wedding guest lists

Happy Wednesday!  Today I am continuing my posts about entertaining and weddings.  It seems that TONS of people have gotten engaged recently and I hope that this post helps with what can often be the most stressful part of wedding planning...compiling a guest list!

To make things a little easier, I have compiled a guide to creating your guest list and then making necessary adjustments for budget and venue restrictions.  While the process isn't easy, I hope this list will make it a little easier.

A few things to note about this process:

First, making a list of everyone (despite budget and venue restrictions) can seem like a waste of time.  Trust me when I say it is NOT a waste of time.  It is much better to list anyone and everyone you think you might even slightly want to invite to the wedding than to leave someone off the list entirely.  If you list everyone, your chances of overlooking someone important to you are significantly lower.

Second, when "assigning guests" to a contributor to the list, I found it helpful to give everyone a color.  For instance, when we made our wedding list, my guests were listed in green, Josh's guests in blue, my parents guests in red, and my future-in-laws guests in purple.  This was a quick way to sort through the list and see who had added each name to the list.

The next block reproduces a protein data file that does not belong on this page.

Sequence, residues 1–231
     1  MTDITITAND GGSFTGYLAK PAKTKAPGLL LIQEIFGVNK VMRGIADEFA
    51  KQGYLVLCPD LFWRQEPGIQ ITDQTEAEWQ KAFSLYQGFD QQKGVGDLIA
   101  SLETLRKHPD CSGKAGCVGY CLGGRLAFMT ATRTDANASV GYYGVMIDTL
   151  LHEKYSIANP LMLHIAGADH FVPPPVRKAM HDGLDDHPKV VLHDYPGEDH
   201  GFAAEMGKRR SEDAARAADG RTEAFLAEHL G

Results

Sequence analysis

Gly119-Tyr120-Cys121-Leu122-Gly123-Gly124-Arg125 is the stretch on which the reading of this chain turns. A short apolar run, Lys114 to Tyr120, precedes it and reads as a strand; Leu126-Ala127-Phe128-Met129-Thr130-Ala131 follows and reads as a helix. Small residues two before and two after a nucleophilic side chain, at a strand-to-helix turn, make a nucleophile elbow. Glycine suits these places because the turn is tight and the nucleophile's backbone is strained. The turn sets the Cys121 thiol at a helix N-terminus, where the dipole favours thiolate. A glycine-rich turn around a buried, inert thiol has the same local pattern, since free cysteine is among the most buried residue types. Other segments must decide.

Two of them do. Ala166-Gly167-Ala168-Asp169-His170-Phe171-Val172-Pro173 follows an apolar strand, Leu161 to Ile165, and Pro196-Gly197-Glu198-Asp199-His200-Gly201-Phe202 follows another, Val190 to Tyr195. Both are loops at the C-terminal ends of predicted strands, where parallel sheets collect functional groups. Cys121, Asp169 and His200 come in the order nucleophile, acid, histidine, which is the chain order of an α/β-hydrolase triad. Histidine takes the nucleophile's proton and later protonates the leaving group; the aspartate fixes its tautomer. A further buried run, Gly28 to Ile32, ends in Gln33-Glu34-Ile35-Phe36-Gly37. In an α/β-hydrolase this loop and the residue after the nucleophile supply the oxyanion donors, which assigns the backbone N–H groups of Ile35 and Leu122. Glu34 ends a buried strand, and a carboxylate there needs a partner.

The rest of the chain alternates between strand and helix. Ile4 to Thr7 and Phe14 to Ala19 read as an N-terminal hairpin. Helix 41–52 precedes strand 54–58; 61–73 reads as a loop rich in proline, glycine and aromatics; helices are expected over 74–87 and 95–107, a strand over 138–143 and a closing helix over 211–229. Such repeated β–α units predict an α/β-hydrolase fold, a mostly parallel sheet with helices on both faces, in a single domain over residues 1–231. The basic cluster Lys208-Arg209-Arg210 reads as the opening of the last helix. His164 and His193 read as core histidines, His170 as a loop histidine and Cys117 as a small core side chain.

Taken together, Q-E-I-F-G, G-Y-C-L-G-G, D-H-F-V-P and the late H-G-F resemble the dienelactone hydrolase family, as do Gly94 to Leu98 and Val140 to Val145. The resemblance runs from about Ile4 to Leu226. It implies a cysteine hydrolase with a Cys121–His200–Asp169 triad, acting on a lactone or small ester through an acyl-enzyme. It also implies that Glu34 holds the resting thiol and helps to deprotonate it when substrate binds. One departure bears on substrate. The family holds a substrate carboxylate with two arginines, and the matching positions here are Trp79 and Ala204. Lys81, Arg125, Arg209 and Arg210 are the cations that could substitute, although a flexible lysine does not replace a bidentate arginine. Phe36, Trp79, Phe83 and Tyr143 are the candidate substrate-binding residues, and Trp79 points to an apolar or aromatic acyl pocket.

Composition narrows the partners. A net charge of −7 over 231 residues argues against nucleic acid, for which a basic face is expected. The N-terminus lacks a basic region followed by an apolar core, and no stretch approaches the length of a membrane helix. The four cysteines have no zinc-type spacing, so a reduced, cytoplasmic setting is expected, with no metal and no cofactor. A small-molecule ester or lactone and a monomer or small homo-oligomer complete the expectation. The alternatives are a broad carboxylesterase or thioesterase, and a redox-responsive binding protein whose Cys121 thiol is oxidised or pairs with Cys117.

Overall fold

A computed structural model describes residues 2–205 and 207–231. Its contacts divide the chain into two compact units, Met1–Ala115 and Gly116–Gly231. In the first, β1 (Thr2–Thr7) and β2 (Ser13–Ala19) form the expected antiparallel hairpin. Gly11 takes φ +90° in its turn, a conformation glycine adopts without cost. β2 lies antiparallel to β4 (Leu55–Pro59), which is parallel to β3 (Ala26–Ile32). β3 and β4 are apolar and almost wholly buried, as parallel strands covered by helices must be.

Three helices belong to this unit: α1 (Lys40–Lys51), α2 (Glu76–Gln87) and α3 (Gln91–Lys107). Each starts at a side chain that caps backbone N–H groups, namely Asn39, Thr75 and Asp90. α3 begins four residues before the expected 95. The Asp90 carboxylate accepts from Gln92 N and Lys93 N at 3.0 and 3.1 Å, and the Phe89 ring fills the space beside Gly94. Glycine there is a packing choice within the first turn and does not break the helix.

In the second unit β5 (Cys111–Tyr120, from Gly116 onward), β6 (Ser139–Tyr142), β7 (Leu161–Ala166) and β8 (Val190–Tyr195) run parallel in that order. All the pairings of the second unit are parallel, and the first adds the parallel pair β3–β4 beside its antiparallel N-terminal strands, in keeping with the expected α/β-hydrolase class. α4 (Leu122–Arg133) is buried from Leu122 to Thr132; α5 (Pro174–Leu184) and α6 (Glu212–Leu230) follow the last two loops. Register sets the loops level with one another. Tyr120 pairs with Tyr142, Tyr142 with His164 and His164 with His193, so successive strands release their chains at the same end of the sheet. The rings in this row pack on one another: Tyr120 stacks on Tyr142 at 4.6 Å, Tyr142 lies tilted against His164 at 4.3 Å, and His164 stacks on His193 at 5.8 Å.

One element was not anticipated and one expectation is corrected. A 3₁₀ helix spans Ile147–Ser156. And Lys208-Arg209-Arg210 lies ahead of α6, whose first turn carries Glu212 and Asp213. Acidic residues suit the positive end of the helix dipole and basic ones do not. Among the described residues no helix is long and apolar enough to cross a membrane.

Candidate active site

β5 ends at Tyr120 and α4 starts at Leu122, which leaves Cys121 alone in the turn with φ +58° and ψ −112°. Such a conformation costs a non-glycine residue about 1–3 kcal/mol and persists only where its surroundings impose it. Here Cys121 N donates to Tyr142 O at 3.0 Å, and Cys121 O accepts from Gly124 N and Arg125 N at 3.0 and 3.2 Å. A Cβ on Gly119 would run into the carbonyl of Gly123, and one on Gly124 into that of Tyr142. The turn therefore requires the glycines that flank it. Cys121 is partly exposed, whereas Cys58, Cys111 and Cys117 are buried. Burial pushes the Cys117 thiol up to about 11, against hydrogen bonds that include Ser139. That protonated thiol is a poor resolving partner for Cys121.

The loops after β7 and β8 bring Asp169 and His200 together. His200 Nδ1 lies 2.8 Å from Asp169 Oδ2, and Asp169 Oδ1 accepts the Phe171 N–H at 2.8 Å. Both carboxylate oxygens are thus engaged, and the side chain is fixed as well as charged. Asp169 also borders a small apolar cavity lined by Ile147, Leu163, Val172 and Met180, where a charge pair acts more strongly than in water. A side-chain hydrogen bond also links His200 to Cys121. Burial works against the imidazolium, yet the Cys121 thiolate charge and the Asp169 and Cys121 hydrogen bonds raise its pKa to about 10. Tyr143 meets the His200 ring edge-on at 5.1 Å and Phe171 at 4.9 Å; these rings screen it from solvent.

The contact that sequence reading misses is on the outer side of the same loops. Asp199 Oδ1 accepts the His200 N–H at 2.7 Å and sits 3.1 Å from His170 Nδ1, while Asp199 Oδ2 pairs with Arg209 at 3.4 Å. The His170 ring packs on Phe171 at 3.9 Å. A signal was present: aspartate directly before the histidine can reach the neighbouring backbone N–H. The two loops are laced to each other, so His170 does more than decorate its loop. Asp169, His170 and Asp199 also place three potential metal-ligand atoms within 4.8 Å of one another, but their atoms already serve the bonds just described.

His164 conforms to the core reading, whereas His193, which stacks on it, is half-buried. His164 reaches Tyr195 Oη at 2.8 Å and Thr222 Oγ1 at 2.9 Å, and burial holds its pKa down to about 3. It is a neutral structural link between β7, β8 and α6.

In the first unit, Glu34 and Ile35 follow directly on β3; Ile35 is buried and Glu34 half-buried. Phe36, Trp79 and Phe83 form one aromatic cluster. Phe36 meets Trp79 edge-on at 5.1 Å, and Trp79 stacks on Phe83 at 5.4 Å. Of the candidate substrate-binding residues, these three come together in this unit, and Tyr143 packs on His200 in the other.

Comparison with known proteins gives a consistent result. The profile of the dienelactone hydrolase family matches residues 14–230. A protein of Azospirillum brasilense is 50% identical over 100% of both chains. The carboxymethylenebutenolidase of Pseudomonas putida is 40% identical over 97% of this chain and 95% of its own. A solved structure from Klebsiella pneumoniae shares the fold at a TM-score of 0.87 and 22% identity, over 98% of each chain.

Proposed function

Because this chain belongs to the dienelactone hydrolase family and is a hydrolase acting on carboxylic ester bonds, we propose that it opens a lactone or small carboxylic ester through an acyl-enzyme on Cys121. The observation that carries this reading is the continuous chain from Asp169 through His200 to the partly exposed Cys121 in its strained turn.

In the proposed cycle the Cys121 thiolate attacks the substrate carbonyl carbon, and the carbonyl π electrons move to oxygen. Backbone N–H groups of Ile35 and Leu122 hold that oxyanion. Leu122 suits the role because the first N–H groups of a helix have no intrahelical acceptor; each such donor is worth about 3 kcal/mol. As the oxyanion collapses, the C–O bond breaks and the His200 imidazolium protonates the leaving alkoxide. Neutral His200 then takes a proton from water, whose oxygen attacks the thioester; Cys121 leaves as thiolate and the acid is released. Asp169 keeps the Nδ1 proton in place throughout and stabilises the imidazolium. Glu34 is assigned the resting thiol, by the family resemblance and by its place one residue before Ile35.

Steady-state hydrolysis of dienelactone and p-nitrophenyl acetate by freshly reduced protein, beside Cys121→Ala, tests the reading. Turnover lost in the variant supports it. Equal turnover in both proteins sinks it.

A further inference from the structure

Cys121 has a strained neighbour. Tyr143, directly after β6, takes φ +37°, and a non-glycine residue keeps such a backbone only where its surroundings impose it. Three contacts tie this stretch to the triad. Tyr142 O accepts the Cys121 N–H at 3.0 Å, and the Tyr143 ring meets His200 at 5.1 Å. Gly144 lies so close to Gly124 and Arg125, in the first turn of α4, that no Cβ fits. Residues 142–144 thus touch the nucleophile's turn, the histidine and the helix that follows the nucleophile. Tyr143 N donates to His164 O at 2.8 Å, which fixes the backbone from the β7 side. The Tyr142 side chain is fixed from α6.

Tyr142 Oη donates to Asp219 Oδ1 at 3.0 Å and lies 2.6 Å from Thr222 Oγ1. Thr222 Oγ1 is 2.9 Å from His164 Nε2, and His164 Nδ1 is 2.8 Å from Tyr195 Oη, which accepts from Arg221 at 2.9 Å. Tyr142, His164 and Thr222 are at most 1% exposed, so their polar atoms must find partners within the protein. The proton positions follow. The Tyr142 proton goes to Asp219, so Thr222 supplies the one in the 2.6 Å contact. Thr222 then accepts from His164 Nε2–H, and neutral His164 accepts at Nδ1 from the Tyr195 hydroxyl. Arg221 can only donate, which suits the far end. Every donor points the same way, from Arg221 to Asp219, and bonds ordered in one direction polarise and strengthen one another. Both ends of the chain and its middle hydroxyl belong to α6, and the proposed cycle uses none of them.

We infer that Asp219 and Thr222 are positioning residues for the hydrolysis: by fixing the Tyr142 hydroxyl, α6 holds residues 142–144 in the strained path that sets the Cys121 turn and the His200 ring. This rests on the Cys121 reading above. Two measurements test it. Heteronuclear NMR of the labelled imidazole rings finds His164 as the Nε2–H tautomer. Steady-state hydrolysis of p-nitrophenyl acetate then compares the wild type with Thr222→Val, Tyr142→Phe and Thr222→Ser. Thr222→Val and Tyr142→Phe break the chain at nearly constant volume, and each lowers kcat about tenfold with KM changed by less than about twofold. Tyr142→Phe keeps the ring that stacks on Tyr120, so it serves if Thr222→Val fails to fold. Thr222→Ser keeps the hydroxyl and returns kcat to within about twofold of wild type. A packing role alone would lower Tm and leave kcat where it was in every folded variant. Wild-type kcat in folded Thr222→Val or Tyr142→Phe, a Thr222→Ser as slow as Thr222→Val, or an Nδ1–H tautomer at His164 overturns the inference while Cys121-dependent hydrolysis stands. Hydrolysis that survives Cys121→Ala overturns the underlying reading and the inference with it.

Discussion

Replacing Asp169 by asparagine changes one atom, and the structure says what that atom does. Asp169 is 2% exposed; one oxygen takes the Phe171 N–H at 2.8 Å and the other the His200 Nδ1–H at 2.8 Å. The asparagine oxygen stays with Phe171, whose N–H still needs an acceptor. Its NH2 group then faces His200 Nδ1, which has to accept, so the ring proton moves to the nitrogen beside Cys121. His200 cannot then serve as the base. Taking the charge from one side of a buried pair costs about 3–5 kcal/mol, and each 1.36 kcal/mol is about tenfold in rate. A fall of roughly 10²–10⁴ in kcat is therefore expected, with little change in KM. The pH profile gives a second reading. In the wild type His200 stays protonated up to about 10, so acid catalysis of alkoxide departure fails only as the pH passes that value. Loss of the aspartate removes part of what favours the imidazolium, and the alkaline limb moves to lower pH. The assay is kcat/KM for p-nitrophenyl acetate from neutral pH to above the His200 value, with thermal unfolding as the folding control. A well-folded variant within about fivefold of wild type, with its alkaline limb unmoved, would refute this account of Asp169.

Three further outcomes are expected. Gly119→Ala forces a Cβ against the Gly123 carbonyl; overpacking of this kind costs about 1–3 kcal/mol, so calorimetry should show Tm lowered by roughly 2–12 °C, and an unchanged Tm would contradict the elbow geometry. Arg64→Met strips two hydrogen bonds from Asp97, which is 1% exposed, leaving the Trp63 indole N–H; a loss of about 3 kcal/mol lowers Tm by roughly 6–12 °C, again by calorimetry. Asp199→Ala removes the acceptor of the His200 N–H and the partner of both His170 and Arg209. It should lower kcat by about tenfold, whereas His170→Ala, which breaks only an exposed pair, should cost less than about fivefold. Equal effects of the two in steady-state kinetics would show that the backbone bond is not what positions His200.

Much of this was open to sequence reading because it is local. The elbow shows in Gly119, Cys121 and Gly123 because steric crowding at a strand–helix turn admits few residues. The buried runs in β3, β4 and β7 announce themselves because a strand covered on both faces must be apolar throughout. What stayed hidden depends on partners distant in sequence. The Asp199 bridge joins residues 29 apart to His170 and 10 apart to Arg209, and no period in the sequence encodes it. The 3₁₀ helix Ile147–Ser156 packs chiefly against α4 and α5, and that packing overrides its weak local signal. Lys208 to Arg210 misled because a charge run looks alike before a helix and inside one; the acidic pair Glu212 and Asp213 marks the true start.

It is helpful to have a "number" column on any master list.  Remember that when you invite one person, the invitation often includes an "and guest."  This means, inviting one person actually results in a guest count of two people.  Also remember to account for a higher number for families if, for instance, you are inviting parents and their children.

Finally, a note about adjusting according to groupings.  This is the hardest part of any guest list creation...cutting people from the list.  In an ideal world no one would be cut from a wedding list, but in reality, venue and budget restraints apply.  So, to avoid awkward situations, it is best to cut in "groupings."  This simply means that you should cut people of similar relation to yourself and to each other.  For instance, rather than cutting one of your book club friends, an old college friend, and a second cousin, it is much better to just cut all of your second cousins.  While this may mean that you cut more people than you technically need to, it will be much easier to explain (and fewer feelings will be hurt) if you can say you didn't invite one of your second cousins but not another.

I hope this checklist helps.  Let me know if you have any other tips or techniques and best wishes to all you newly engaged brides!


1 comment:

  1. Annie,
    Love it! Very helpful and timely! I have a suggestion for a future post.... how to decide on registry items(particularly china)